Manic Street Preachers in Cover Controversy… or Censorship?

I was rather astonished to read that the UK’s leading supermarket chains, Asda, Morrison’s, Tesco’s and Sainsbury’s have ‘banned’ the new Manic Street Preachers album on account of it’s ‘inappropriate’ artwork.

Well, ok, so further reading reveals that they haven’t actually banned it (as Kerrang reported, and supported with a quote from bassist Nicky Wire “Supermarkets won’t accept the album cover, which I am really startled at. You can have the Pussycat Dolls poledancing, but you can’t have our album cover.”) and aren’t refusing to stock it. They’re simply refusing to carry its original artwork, and will instead display the CD in a plain slipcase.
‘Journal for Plague Lovers’ features a painting by Jenny Saville of a boy, who may (or may not, depending on your interpretation) have a bloodied face. Whether or not I think it’s a ‘good’ painting isn’t the point. But does the fact it doesn’t shock me in any way make me desensitized?

I can’t help but agree with the band’s bewilderment at the decision, and the point made by James Dean Bradfield: “You can have lovely shiny buttocks and guns everywhere in the supermarket on covers of magazines and CDs, but you show a piece of art and people just freak out”

While the Guardian ran a music blog by Jonathan Jones that contended that this ‘raises the interesting possibility that hand-made, painterly images now have more power to shock than conceptual artworks’ (and he may have a point), I would also say that it reinforces the depressing – rather than interesting – possibility that the world’s gone mad and is riddled with hypocrisy.

To unpack this a little, the supermarkets in question aren’t making any kind of judgement regarding the contents of the CD. Fair enough, it’s certainly innocuous and harmless enough compared to the wall-to-wall misogyny and glorifications of violence that proliferate across many of the rap albums in the charts, but then, by the same token, if the problem with the cover is that it’s thought-provoking and hints at darker aspects of life, then surely the album should be subject to the same kind of scrutiny. But that, of course, would require some actual interrogation, rather than an immediate and not very rational knee-jerk reaction that surrounds anything to do with children, the likes of which saw Chris Morris’ truly brilliant ‘Brasseye’ and Channel 4 subject to a mass of moral outrage for daring to parody a subject as grave as paedophilia. And, more saliently, I believe, to refuse to stock an album that’s guaranteed to be a top 10 hit and probable number 1 on the week of release won’t send a message to anyone and will simply mean that the supermarkets won’t be getting a cut of the sales profits. And that would never do: the shareholders would have a fit. I daresay the record company might have something to say too. As it stands, however, the controversy is more likely than not to boost sales, for all sorts of reasons.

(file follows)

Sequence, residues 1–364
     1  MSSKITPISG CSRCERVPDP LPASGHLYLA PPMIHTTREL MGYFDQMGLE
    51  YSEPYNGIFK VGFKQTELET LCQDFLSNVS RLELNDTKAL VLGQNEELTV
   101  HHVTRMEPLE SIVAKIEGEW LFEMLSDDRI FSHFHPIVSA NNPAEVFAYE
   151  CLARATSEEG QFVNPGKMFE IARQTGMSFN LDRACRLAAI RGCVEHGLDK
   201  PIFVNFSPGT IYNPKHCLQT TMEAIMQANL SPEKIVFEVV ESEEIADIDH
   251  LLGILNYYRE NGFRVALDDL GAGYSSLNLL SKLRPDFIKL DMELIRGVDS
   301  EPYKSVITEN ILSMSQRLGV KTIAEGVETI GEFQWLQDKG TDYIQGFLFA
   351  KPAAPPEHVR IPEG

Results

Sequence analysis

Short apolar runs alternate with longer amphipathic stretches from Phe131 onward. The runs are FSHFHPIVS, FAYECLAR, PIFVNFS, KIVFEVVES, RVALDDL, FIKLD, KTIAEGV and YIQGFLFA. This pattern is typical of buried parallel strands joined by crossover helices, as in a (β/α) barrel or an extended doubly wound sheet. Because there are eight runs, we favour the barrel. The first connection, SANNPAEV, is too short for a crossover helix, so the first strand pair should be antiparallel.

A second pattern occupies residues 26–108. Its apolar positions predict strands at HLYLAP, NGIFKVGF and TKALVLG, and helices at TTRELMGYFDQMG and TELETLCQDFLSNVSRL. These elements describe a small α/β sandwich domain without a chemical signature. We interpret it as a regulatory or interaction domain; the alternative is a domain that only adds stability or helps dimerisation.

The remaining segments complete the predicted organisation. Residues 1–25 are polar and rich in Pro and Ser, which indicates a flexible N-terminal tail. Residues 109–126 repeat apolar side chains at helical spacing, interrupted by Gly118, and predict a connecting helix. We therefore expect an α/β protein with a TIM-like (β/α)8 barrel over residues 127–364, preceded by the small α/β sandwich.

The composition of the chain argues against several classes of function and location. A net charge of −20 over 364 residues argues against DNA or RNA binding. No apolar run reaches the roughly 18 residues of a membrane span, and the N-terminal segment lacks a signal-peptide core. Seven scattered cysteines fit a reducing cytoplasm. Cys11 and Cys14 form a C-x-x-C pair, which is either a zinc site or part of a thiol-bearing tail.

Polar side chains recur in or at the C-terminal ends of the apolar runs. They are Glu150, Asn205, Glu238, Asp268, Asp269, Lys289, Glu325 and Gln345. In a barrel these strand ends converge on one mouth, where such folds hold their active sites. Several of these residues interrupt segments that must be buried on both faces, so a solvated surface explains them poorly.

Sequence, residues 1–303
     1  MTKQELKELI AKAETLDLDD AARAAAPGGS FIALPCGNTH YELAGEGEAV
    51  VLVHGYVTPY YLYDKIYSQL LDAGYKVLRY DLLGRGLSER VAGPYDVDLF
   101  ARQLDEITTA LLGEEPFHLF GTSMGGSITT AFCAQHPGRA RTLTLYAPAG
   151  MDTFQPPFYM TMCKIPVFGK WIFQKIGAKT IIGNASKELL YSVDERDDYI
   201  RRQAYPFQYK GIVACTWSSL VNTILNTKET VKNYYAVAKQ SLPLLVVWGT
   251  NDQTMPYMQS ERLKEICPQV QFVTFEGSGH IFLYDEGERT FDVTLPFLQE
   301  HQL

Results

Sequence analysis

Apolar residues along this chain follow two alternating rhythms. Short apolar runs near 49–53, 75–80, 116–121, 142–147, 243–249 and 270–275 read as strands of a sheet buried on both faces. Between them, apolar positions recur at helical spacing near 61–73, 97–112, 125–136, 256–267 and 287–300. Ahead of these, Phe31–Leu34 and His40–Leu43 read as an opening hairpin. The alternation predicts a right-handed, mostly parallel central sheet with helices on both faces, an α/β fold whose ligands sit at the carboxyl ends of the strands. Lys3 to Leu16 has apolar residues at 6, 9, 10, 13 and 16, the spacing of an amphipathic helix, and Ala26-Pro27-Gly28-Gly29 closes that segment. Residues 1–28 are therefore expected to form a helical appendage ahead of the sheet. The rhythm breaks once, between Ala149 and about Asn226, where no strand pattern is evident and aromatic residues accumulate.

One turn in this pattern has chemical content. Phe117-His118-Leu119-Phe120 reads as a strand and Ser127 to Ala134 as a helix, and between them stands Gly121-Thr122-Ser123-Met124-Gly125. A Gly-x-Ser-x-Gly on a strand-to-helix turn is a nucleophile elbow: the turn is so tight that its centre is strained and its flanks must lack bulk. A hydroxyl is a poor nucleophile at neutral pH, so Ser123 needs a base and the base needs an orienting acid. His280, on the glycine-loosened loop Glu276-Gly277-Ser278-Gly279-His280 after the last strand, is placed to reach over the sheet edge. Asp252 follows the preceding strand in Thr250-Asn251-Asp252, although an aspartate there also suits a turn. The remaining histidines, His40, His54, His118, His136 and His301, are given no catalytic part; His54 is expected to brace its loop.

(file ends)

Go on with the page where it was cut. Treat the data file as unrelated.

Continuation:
Ironically, the supermarkets that are, by their actions, giving the band some free promotion (there’s no such thing as bad publicity, right? Just ask Jonathon Ross: a furore, a few weeks of vilification and a three-months suspension and a BAFTA at the end of it all) are the kind of corporate giants that the Manics railed against at the start of their career, back when they were full of bile and were all about political sloganeering against the system rather than being a part of it.

Are these supermarket chains guilty of uneven censorship, or simply reactionary hypersensitivity in a climate already rife with moral indignation over the most trivial of things? Either way, the end result is the same, and the latter leads to censorship however you look at it. It’s a slippery slope, alright, and people need to speak up and to take action. Because if you tolerate this, your children will be next….

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